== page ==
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Democrats to Push For Immigration Reform In Reconciliation

Yesterday, Democratic aids met with the Senate parliamentarian to discuss the possibility of including immigration reform in the reconciliation process. This method was used before to pass many pieces of immigration-related pieces of legislation in the past. I will discuss two reasons why Democrats should push hard to make this a reality.

Reconcilation has Been Used Before to Pass Immigration Legislation

As I mentioned above, this reconciliation process has been used previously to pass immigration-related legislation. in 2005, the then Republican-controlled Senate included an immigration piece of legislation using reconciliation. The Deficit Reduction Act of 2005 included a provision to used previously unused immigrant visa petitions in subsequent years. Republicans did not even ask the Parlimatarian for an opinion at the time.

Republicans argued then that legalizing immigrants would help the treasury. Democrats surely have this argument this time. Including the immigration provision in the budget process. Immigrants added $2 trillion to the GDP and more than $450 billion to State GDPs in 2016.

Another argument for inclusion is the fact that the United States Citizenship & Immigration Services is funded by fees. Adding more than 8 million immigrants to the rolls would surely add to the Service income.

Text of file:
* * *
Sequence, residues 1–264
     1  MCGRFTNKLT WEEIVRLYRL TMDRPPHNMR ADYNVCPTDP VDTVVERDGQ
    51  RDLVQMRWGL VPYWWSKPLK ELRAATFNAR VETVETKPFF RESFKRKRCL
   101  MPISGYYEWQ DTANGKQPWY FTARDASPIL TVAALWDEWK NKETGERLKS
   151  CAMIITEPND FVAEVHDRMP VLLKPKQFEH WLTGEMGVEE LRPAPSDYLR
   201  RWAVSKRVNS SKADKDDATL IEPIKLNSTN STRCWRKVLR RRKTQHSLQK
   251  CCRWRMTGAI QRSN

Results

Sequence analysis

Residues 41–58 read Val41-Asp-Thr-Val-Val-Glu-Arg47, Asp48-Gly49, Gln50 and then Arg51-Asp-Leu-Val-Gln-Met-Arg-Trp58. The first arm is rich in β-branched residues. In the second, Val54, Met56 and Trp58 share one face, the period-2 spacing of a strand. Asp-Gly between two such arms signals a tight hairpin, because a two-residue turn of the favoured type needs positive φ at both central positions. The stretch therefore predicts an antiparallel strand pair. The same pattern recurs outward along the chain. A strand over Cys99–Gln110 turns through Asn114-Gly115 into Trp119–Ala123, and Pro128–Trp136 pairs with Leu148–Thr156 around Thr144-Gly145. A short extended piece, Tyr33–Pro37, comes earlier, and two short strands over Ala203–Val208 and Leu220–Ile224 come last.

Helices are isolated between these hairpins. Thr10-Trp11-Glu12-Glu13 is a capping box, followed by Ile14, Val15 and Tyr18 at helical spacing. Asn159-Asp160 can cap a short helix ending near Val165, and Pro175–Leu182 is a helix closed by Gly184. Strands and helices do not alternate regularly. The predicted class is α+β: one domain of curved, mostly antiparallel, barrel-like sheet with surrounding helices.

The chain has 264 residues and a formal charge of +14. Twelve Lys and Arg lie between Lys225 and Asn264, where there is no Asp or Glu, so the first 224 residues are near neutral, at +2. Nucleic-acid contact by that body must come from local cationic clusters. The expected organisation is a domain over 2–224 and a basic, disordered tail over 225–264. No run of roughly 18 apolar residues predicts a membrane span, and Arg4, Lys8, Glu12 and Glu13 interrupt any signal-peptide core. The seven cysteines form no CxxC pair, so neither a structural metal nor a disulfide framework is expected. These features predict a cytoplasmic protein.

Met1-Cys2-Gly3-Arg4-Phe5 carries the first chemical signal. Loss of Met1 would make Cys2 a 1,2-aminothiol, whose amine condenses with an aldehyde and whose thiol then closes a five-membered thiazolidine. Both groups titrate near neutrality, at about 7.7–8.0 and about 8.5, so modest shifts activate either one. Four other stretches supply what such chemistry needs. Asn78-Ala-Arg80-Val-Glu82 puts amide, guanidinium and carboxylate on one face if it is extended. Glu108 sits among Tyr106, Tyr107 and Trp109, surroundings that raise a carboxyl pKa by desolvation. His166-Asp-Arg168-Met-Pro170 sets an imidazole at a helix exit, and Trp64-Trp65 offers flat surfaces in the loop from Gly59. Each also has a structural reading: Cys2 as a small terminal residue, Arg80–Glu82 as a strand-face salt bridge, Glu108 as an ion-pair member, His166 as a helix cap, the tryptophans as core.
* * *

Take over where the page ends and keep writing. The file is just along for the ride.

Immigration Reform is More than Overdue

I can not tell you how many times I had to turn well-deserving clients away because I simply could not help them. Most of these immigrants are recipients of relief under the Deferred Action for Childhood Arrivals (DACA) program established by President Obama in 2012. The DACA program has been attacked numerous times by Republicans as presidential overreach. In fact, a judge has enjoined the program from being enforced nationally in July. It is past time to give these immigrants certainty by legalizing them and unleash their potential.

Honestly, these recipients have become a political tool used by the right to attack immigration. However, if you look at the DACA population, it is the population the United States should help remain in the US. More than 62,000 of these immigrants work at the frontlines of the pandemic and more than 480,000 are essential non-healthcare workers. More than half of the 1.2 million DACA-eligible immigrants work in essential occupations. Allowing these immigrants to remain in the United States and gain permanent residence will be a net positive to the United States.

Using reconciliation to pass an essential piece of legislation should be a Democratic priority for these two reasons. Please call us at 1(888)963-7326 to discuss your options and the impact of the upcoming legislation on your future in the United States.